Pete Townshend, in BBC 6 Music's inaugural John Peel Lecture, made headlines with his provocative comparison of Apple's iTunes to digital vampires. Less noteworthy but more useful was his constructive criticism, that with the decline of the traditional record industry, iTunes should fill the A&R vacuum. Anyone can get their music distributed on iTunes, but it is hard for artists to build careers without the guidance, nurturing and editorial feedback of knowledgeable music industry veterans to help them stand out from the crowd.
The fashionable view of the record industry is to condemn it for taking artists' money and offering little in return or for pushing aside artistry for the sake of crass commercialism. Trent Reznor has said that A&R interference led to Scream (CD 30744) Chris Cornell's ridicule-worthy collaboration with Timbaland. But the flip side, as Chuck Klosterman argues, is that the lack of A&R interference led to Lulu, Metallica's ridicule-worthy collaboration with Lou Reed. No one was in a position to tell them it was a bad idea.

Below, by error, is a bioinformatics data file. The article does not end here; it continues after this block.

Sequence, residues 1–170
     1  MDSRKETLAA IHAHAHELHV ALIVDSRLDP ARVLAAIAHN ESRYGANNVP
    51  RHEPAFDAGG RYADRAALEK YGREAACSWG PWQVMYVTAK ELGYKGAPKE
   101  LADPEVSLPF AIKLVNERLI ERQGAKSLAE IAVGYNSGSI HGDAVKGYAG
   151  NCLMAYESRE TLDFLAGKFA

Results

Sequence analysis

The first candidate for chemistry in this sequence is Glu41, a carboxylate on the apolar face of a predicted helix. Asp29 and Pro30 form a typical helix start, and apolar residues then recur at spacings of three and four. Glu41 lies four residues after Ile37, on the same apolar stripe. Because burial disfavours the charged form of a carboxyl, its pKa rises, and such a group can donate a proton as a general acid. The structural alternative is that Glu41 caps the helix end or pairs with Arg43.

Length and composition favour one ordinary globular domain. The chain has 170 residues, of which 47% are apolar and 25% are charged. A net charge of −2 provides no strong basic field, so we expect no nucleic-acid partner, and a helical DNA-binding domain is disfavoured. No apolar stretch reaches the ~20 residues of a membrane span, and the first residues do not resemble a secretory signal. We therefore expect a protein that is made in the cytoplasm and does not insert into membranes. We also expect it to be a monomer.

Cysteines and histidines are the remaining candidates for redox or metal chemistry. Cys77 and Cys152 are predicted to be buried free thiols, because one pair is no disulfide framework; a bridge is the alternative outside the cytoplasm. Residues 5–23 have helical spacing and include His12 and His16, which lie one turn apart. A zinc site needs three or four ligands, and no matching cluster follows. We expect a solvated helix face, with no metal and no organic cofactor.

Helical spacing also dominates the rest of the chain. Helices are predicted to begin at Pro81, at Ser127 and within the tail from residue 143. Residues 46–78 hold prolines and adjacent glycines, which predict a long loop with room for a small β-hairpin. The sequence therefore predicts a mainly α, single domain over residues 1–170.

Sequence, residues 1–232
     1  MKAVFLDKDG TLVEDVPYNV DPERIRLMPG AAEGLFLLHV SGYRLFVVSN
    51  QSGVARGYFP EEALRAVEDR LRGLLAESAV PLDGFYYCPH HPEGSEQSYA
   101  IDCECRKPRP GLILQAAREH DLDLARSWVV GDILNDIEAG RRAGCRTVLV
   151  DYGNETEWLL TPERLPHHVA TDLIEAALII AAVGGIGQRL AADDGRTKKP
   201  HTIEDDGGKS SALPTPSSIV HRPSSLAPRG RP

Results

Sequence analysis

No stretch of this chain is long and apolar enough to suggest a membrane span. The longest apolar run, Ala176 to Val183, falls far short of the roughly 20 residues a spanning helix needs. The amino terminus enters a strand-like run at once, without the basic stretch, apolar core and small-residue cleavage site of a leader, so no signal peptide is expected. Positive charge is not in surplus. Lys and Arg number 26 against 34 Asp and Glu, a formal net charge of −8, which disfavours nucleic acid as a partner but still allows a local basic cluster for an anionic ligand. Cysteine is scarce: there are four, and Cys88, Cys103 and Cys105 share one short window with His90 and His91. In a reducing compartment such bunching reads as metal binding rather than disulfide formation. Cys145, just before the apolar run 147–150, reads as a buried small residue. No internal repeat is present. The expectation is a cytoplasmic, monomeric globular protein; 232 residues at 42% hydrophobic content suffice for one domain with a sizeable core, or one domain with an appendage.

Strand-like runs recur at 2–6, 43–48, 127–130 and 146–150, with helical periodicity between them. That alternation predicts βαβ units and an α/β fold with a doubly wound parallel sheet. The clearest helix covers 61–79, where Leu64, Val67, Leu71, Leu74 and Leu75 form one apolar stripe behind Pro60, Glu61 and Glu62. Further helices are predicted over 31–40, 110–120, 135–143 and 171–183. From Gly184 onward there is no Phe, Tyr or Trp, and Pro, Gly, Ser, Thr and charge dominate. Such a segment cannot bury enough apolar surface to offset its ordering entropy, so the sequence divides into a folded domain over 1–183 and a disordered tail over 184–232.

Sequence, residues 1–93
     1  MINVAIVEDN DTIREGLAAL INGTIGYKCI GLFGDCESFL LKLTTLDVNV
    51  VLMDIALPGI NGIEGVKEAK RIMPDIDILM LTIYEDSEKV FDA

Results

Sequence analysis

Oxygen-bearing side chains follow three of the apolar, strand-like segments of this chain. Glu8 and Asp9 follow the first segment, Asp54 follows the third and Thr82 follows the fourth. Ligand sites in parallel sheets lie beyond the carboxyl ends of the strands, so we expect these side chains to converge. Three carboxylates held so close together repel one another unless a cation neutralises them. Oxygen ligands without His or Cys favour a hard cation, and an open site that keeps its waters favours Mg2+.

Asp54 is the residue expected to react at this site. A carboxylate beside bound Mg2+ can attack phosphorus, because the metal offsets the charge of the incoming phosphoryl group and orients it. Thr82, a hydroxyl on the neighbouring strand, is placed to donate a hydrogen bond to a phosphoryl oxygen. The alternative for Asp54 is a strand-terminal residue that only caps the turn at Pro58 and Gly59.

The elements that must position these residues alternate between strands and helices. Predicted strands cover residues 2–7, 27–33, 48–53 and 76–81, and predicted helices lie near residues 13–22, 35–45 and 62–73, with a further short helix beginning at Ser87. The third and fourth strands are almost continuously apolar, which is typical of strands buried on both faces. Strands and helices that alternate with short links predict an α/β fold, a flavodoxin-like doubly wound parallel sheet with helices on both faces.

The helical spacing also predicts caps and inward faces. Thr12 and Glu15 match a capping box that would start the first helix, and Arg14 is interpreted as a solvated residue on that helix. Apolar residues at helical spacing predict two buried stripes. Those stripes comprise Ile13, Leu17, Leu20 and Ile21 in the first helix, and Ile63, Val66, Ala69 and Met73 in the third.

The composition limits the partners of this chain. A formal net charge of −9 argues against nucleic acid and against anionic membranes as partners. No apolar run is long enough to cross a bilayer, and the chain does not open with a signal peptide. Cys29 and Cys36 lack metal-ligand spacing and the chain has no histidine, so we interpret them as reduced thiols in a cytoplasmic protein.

The library doesn't have Lulu yet. Even if it doesn't hit the Billboard 50, we will probably acquire it as a cautionary tale.
BBC News - Pete Townshend calls Apple 'a vampire'
Chuck Klosterman on the release of the new Metallica and Lou Reed album - Grantland
Injustice For All: The Lou Reed/Metallica Album